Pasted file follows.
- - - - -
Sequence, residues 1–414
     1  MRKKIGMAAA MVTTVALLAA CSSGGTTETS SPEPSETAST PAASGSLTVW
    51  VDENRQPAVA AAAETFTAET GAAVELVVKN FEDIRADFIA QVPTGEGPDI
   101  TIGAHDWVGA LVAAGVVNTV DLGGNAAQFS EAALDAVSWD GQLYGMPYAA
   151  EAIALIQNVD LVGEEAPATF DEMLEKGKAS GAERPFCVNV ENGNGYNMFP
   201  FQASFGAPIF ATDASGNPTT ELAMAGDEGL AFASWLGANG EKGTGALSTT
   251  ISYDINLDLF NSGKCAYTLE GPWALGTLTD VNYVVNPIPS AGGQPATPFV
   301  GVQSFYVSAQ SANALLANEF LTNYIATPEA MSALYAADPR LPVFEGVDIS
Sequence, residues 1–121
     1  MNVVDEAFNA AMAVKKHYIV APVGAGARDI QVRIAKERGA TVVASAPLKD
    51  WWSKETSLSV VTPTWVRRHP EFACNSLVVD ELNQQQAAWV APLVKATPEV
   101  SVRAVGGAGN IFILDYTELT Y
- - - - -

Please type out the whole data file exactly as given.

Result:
Sequence, residues 1–414
     1  MRKKIGMAAA MVTTVALLAA CSSGGTTETS SPEPSETAST PAASGSLTVW
    51  VDENRQPAVA AAAETFTAET GAAVELVVKN FEDIRADFIA QVPTGEGPDI
   101  TIGAHDWVGA LVAAGVVNTV DLGGNAAQFS EAALDAVSWD GQLYGMPYAA
   151  EAIALIQNVD LVGEEAPATF DEMLEKGKAS GAERPFCVNV ENGNGYNMFP
   201  FQASFGAPIF ATDASGNPTT ELAMAGDEGL AFASWLGANG EKGTGALSTT
   251  ISYDINLDLF NSGKCAYTLE GPWALGTLTD VNYVVNPIPS AGGQPATPFV
   301  GVQSFYVSAQ SANALLANEF LTNYIATPEA MSALYAADPR LPVFEGVDIS
Sequence, residues 1–121
     1  MNVVDEAFNA AMAVKKHYIV APVGAGARDI QVRIAKERGA TVVASAPLKD
    51  WWSKETSLSV VTPTWVRRHP EFACNSLVVD ELNQQQAAWV APLVKATPEV
   101  SVRAVGGAGN IFILDYTELT Y